At the 2017 Southern African Transport Conference at the CSIR in Pretoria this week, Shaun Mhlanga presented ‘An Assessment of the Regulatory Arrangements in the Minibus Taxi Industry in South Africa: A Primer for Self-Regulation'. According to him, while South Africa has a sophisticated regulatory environment; it needs to be translated into workable business processes.
He explained there is a need to facilitate learning and improvement through institutions (both state and non-state actors) in the sector.
Mhlanga believes the development of sustainability schemes can aid better coordination and cooperation of human behaviour, as well as other road safety and economic issues. An institutional learning environment would facilitate sharing of knowledge in industry best practice, which, until now, has been non-existent. He said such schemes could draw on a philosophical tradition of community and social solidarity. He states that mini-bus taxi operators should move away from route and association-based relationships.
“Complimentary mechanisms exist that can potentially escalate targeted improvements in road economics and safety. This will make systems far more transparent i.e. enable identification of what is on the roads, what is in the pipeline and who owns what etc.”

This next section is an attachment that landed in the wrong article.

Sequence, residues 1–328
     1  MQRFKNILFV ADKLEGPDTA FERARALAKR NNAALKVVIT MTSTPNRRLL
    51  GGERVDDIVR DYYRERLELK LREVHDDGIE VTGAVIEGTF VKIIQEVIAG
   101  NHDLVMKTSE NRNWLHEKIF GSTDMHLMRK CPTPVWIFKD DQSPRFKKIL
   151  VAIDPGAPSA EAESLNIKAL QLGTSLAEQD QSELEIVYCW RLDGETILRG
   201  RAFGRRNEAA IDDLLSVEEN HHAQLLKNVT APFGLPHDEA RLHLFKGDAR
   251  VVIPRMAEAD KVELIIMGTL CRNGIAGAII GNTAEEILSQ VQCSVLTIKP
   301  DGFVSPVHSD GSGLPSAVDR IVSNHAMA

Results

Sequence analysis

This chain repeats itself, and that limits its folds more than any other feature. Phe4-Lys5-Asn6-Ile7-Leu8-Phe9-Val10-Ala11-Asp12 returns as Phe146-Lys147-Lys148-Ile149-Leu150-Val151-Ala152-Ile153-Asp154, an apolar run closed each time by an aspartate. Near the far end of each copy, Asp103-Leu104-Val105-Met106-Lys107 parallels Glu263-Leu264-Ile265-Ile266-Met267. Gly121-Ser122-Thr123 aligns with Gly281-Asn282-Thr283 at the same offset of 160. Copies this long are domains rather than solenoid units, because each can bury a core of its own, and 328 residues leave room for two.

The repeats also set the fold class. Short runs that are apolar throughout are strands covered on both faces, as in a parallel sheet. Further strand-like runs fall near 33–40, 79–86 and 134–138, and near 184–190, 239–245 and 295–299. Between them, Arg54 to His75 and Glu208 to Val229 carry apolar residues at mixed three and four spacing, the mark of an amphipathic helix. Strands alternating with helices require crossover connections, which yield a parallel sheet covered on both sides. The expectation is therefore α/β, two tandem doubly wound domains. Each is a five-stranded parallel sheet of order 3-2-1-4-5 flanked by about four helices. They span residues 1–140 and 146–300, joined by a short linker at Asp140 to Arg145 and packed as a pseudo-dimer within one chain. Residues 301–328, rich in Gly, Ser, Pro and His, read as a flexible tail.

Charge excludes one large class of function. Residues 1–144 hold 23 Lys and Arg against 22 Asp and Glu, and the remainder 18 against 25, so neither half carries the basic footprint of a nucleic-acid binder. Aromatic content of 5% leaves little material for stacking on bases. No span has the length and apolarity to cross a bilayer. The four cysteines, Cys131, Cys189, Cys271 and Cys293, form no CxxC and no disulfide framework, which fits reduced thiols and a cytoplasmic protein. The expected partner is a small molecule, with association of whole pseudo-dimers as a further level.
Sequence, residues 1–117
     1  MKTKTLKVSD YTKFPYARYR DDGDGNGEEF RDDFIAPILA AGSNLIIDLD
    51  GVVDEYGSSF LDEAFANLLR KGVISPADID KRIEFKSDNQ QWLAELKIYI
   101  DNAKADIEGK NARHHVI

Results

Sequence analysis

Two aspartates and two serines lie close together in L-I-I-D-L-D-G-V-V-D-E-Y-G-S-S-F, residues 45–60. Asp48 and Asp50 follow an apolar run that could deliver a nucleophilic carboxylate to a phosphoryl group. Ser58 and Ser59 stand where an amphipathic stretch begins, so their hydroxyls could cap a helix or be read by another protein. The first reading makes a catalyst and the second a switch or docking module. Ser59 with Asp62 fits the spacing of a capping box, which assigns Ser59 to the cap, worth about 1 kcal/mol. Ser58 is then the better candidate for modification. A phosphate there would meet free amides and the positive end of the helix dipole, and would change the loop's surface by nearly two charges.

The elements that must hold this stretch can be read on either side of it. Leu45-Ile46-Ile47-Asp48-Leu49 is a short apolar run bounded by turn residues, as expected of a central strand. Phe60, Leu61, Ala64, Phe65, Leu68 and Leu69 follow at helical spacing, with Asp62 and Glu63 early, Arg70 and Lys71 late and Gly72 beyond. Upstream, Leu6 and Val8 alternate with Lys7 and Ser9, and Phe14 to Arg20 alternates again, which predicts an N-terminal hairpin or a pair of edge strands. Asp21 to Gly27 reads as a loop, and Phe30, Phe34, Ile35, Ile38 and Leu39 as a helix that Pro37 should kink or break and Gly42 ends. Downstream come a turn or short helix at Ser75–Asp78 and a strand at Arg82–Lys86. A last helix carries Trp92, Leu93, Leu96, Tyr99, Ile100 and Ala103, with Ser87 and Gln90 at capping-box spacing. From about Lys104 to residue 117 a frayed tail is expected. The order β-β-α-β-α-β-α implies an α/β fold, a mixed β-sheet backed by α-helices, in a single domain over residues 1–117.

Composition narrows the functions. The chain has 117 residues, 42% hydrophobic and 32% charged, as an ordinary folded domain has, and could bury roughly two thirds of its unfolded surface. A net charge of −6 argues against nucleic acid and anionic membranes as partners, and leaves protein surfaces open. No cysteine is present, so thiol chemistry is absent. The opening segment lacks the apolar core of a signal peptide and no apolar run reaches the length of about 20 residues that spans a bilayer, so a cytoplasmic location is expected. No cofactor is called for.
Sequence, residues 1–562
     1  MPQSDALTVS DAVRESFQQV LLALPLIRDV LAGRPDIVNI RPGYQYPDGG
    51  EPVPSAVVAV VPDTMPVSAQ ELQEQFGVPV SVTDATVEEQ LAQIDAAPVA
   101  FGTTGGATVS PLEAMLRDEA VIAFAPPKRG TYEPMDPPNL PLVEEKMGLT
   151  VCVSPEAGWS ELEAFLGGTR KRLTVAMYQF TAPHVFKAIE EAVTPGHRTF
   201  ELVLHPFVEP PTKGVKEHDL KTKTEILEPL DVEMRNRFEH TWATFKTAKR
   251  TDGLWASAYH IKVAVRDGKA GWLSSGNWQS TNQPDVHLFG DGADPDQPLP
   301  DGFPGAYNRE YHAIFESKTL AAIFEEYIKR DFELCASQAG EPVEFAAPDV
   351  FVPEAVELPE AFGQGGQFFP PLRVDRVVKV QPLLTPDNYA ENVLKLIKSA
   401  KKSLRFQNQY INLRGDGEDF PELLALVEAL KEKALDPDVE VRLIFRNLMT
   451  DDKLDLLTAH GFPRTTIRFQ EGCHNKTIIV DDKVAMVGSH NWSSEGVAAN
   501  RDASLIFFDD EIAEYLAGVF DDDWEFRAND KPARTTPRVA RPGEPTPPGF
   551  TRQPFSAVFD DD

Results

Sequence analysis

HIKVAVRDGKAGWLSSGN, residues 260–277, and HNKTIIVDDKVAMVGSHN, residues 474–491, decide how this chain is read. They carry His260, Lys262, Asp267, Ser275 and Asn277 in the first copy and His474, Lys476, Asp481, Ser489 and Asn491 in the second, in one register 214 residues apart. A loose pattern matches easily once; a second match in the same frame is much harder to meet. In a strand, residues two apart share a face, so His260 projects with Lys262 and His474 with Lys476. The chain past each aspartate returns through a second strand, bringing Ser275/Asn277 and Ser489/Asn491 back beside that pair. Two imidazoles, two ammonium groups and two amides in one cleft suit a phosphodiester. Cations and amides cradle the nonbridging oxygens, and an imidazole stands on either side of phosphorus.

Enhancing public welfare
Such mechanisms must be explored while promoting value creation for broader stakeholders and enhancing public welfare. Mhlanga says successes from the Road Transport Management System (RTMS) in the road freight sector could potentially be leveraged in the minibus taxi industry.
- the reduction and minimisation of overloading;
- prevention of road damage and preservation of infrastructure;
- vehicle safety enhancements;
- driver wellness initiatives;
- a reduction in traffic violations;
- active promotion of skills development;
- measuring of respective performance;
- reductions in crashes and incidents
- and improved compliance with traffic violations.
“There is much that can be done in the minibus taxi industry, especially in terms of how it is managed. We need to understand human behaviour within the industry. Improving regulation and road safety in the minibus taxi industry represents a critical pathway to reducing deaths and injuries that arise from road accidents.”
He added that there was a perception that the minibus taxi industry was informal and that it was easy for new operators to enter it.
Ruthless and deadly unregulated
“These perceptions are not accurate. There are legal restrictions to market entry. Several government bodies have been established with the purpose of maintaining vehicle and driver fitness, for example. South Africa is an extreme case of how ruthless and deadly unregulated competition can be. We merely trust the different relationships between taxi industry stakeholders,” he said.
More transport related insights will be shared during the remaining days of the 2017 Southern African Transport Conference.